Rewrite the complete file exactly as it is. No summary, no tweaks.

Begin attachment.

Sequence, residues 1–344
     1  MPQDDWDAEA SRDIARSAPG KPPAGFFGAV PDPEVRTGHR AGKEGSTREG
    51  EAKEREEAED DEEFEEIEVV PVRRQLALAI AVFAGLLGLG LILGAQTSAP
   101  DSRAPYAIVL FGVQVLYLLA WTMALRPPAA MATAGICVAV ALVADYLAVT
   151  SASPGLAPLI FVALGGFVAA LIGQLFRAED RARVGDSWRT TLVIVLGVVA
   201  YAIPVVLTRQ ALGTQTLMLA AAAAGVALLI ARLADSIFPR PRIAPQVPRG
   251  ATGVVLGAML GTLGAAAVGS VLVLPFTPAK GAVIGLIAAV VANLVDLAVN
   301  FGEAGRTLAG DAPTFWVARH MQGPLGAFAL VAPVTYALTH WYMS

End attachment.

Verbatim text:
Sequence, residues 1–344
     1  MPQDDWDAEA SRDIARSAPG KPPAGFFGAV PDPEVRTGHR AGKEGSTREG
    51  EAKEREEAED DEEFEEIEVV PVRRQLALAI AVFAGLLGLG LILGAQTSAP
   101  DSRAPYAIVL FGVQVLYLLA WTMALRPPAA MATAGICVAV ALVADYLAVT
   151  SASPGLAPLI FVALGGFVAA LIGQLFRAED RARVGDSWRT TLVIVLGVVA
   201  YAIPVVLTRQ ALGTQTLMLA AAAAGVALLI ARLADSIFPR PRIAPQVPRG
   251  ATGVVLGAML GTLGAAAVGS VLVLPFTPAK GAVIGLIAAV VANLVDLAVN
   301  FGEAGRTLAG DAPTFWVARH MQGPLGAFAL VAPVTYALTH WYMS